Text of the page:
Courtesy of

Courtesy of

The next twist in the ongoing Michael Jackson death saga appears to be a criminal investigation: on July 22, the Los Angeles Police Department served a search warrant to the Houston clinic of Dr. Conrad Murray, Jackson’s personal doctor, who was with the pop icon at the time of his death on June 25. Murray’s lawyer confirmed that police were searching the clinic for evidence of manslaughter. During the 3 1/2 hour search, police seized documents and a forensic image of a computer hard drive.

While the cause of Jackson’s death remains unknown–at least to the public–there has been speculation that prescription drugs were involved. The speculation has centered on the sedative propofol, also known as Diprivan. The drug was found in large quantities at Jackson’s home following his death. An agent of the Drug Enforcement Administration (DEA), which was also involved in Wednesday’s search, has apparently confirmed that the search warrant mentioned propofol. Propofol is not available without a prescription and is rarely used outside hospitals. The DEA is currently considering whether to add propofol to its list of controlled substances.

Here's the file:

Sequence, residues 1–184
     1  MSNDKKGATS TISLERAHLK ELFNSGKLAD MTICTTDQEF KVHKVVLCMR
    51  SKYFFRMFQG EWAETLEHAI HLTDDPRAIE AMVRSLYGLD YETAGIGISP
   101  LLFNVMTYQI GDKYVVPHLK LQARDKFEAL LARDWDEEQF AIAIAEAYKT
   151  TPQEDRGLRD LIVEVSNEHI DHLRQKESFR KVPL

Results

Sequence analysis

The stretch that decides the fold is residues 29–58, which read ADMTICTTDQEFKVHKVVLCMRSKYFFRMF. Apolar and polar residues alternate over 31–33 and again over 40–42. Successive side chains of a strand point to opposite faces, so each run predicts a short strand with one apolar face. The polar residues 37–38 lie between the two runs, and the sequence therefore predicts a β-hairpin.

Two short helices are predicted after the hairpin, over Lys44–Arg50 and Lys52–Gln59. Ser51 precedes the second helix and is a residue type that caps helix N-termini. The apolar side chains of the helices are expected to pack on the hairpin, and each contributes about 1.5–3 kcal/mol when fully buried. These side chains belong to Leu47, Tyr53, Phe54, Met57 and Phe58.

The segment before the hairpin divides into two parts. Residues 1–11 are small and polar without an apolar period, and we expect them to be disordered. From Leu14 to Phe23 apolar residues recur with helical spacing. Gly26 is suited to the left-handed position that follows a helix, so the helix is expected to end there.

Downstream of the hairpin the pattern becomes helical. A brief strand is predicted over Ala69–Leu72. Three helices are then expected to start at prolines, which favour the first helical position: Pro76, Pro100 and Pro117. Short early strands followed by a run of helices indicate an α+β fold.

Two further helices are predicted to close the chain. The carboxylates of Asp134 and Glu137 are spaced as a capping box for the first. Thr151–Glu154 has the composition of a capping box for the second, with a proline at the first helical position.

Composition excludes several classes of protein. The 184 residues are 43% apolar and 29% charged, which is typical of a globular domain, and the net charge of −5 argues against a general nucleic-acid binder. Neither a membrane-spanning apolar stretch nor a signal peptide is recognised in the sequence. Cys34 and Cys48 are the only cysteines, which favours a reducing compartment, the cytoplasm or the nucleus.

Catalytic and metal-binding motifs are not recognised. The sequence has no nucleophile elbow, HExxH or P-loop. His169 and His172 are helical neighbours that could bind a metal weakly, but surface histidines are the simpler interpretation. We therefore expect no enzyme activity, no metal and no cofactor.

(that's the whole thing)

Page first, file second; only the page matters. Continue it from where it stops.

The search marks the clearest indication thus far that criminal charges are being seriously considered in Jackson’s death. This turn of events is both shocking and unsurprising. On the one hand, the possibility of murder charges in the death of a celebrity is rare (at least until recently) and naturally intriguing. On the other hand, the fact that such extreme measures are being considered is hardly surprising given the public shock and dismay at Jackson’s untimely demise. In fact, the situation is oddly similar to the aftermath of Heath Ledger’s death, when federal prosecutors considered pursuing criminal charges.

If Murray was indeed prescribing Jackson illicit drugs, and perhaps worse, he certainly deserves some form of sanction. The Medical Board of California has already started proceedings to strip Murray of his medical license and has initiated a malpractice investigation, which seems appropriate. However, time–and the perspective it can bring–will tell if the facts of this case truly warrant manslaughter charges.

Tori Langton

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